According to Hollywood producer Lindsay Doran, what an audience connects most strongly with in a story are the relationships.
Although an exciting, novel premise may induce people to buy a book or movie ticket, such as robots that box in Real Steel, what moves the audience is watching what happens to the relationship between two characters. (In Real Steel, that relationship is between the father, Charlie, and his son, Max.)
On the Scriptnotes podcast, three A-list screenwriters echoed Doran’s thesis that effective movies focus on a key relationship. The below comes from episode 152 of Scriptnotes, which featured a conversation between Aline Brosh McKenna, the screenwriter of The Devil Wears Prada and We Bought a Zoo; John August, the writer of Big Fish; and Craig Mazin, who wrote The Hangover Part II as well as the Chernobyl series on HBO.
Aline: [E]very movie I’ve written in any genre, you always start going — someone always says, or you say to yourself, “This is really a love story about these two people.”
Craig: All movies are.
Aline: Always. All movies are.
Craig: If they’re done right.
Aline: They’re always a love story between two people.
John: 21 Jump Street is a love story.
Aline: Sometimes you have the wrong people. I mean, name any movie we love, ET, even movies that are — every Hitchcock movie. I mean, they’re love stories.
John: Cast Away.
Craig: All movies have a central relationship. All of them. And knowing your central relationship and playing that through. And [Lindsay Doran] has this great thing. She talks about how some movies it’s do a thing, and then you get the relationship. And some movies the relationship is the thing.
The talk Craig is referring to is a TED talk from Lindsay Doran, who has produced The Firm, Sense and Sensibility, and other movies. I’ve included the TED Talk at the end of this post, but Lindsay’s main point, which I alluded to earlier, is that all of the emotional power of a story is contained within the relationships and that people go to the movies to see relationships, not accomplishments.
The subject of relationships in stories is so critical that the hosts of Scriptnotes recently devoted an entire episode to the subject. Here is part of what they said in episode 360:
Craig: It strikes me that nobody really talks about relationships when they’re doing their clunky, boring screenwriting classes and lectures. I mean, I’m sure some people out there do. But so often when I skim through these books they talk about characters and plot. They don’t talk about relationships. And I guess my point is I don’t care about character at all. I only care about relationship, which encompasses character. In short, it doesn’t matter what the character of Woody is until Buzz shows up.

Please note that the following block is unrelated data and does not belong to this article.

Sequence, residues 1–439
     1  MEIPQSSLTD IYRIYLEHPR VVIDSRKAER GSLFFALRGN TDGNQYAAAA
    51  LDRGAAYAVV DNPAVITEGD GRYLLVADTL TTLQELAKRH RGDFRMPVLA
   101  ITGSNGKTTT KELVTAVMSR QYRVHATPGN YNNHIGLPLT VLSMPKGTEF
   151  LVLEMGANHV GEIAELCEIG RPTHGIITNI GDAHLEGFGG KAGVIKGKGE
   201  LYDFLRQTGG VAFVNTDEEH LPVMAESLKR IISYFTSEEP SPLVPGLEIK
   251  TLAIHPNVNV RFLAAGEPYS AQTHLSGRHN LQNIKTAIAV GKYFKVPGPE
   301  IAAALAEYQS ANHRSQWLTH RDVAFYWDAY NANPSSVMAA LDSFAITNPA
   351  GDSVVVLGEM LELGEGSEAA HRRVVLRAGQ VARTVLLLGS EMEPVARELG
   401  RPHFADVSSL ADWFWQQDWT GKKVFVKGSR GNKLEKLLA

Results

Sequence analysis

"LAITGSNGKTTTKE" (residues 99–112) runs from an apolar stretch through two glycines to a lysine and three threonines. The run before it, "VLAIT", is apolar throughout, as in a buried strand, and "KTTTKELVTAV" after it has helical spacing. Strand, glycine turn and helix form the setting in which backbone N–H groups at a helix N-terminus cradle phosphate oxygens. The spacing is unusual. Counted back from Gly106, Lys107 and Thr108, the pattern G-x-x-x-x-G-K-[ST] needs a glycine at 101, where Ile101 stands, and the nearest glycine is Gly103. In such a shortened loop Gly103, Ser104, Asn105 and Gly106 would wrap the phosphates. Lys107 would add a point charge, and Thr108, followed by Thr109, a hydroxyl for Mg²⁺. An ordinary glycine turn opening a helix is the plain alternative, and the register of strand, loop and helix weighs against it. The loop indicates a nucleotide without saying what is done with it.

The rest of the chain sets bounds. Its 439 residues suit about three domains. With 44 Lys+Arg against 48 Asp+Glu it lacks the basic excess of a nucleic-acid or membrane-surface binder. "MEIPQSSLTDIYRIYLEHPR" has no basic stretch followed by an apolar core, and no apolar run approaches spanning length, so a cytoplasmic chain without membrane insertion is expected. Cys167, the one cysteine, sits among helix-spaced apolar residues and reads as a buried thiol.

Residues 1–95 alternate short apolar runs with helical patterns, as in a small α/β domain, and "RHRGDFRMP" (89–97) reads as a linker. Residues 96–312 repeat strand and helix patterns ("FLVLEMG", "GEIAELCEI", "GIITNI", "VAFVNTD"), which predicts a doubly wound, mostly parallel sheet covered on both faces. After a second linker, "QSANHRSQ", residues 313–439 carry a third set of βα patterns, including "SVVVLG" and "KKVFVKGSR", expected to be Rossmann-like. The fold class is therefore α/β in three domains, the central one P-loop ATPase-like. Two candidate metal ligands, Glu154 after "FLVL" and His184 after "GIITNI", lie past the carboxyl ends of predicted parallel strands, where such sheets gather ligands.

Craig: Woody, until Buzz shows up, is – well, his character I could neatly fit it on a very small index card. Woody is the guy who is in charge and has sort of a healthy ego because he knows he’s the chosen one. So he’s kind of the benevolent dictator. OK. Boring. Don’t care. That’s why movies happen. We don’t want that to keep on going. What we want is for Shrek to leave the swamp and meet Fiona. Then the characters become things that matter because they’re in – go back to our conflict episode. Everything is about relationship. They should only talk about plot and relationships as far as I’m concerned. We should just stop talking about character. It’s a thing that’s separate and apart.
I think a lot of studio executives make this mistake when they take about character arcs. I hate talking about character arcs. The only arcs I’m interested in are relationship arcs.
John: Yeah. Shrek is not a character, but Shrek and Donkey together is a thing. Like that’s–
John: There’s no way to expose what’s interesting about Shrek unless you have Donkey around to be annoying to him. So you have to have some thing or person to interact with. Yes, there are – of course, exceptions. There are movies where one solo character is on a mission by him or herself and that’s the only thing you see. But those are real exceptions. And I agree with you that so many screenwriting books treat like, “Oh, this is the hero’s journey and this is the arc of the hero,” as if he or she is alone in the entire story. And they never are. And it’s always about the people around them and the challenges.
All of the above should jibe with your own experience of life. That is, in real life, just as in stories, the thing that reveals our character most effectively is how we interact with other people.
Examples of Central Relationships from Movies
Sometimes, there is just one relationship in a story, but other times there are multiple relationships, although generally one of those relationships is the principal or most influential one.
For example, in Real Steel, the central relationship is between Charlie and his son, Max, but Charlie’s relationship with his girlfriend also contributes to his growth.